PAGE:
Catherynne M. Valente is quickly becoming one of my favorite authors even though I’ve only just begun to scratch the surface of her work. She’s most well-known now for her Fairyland series (which starts with The Girl Who Circumnavigated Fairyland in a Ship of Her Own Making), but she’s also a highly prolific author of short stories and novels for adults.
I first heard of her thanks to the novel Palimpsest, which was nominated for a Hugo and which I checked out from the library (but did not actually read). The thing about Valente is that her prose is thick with imagery and convoluted sentences. The effect is beautiful, but her writing can be a bit difficult to parse if you aren’t in the right mind-frame. Even the first Fairyland book was far more descriptive than your average middle-grade novel.
However, I’ve had good results by listening to the audio versions of her stories. Thankfully much of her recent work is available in audio, and a number of her short stories have been recorded for fiction podcasts, so there are a wide selection of excellent places to start with her bibliography.
One stand-out story is How to Become a Mars Overlord, included in the Lightspeed: Year One anthology, a collection of stories first published online at Lightspeed Magazine. I picked up the audio version from Audible, but most (if not all) of the stories are still available free on the Lightspeed website.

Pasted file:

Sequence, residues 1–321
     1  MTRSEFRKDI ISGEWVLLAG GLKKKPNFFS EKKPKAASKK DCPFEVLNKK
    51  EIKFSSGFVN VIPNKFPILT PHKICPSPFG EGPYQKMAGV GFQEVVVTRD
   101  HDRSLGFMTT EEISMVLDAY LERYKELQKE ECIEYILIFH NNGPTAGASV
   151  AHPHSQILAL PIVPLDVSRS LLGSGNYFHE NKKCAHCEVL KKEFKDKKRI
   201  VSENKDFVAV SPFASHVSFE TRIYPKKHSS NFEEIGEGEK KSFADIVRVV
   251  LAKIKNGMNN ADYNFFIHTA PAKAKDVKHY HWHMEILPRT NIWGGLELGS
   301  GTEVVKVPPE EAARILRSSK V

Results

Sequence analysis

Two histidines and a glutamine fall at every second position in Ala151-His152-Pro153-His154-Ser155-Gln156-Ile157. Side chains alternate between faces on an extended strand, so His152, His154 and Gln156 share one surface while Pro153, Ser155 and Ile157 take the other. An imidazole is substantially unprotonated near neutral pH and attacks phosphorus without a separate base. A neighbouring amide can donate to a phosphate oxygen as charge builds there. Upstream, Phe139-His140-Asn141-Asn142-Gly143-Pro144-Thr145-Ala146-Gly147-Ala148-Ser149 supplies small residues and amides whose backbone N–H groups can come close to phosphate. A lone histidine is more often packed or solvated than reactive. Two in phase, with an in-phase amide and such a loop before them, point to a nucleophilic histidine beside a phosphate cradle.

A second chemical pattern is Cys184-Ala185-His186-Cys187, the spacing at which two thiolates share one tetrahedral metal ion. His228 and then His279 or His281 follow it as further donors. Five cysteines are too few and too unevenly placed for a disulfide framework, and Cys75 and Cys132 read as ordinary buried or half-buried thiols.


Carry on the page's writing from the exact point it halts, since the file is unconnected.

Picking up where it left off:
How to Become a Mars Overlord is, much like it sounds, a primer on becoming overlord of your very own version of Mars. You see, it turns out that some analog of the fabled red planet exists in every galaxy, and ambitious overlords across the universe have been striving to conquer it throughout history.
The narrator describes various shining examples and cautionary tales for the edification of his audience of aspiring despots, and each is both strikingly alien and gorgeously imagined thanks to Valente’s luxuriant prose. Additionally, the narrator of the audio version, Robin Sachs, is a pitch-perfect choice for the character. Sachs is arch, knowing and oh-so British, and Valente’s words roll off his tongue with precision and aplomb.
The story doesn’t have an overall narrative arc, but the series of vignettes about various Martian overlords paints a picture of a strange and wonderful world that harkens back to the science fiction of old while twisting it into something modern and far more surreal.
I’ll definitely be checking out more of Valente’s work (and giving Palimpsest another chance) very soon.
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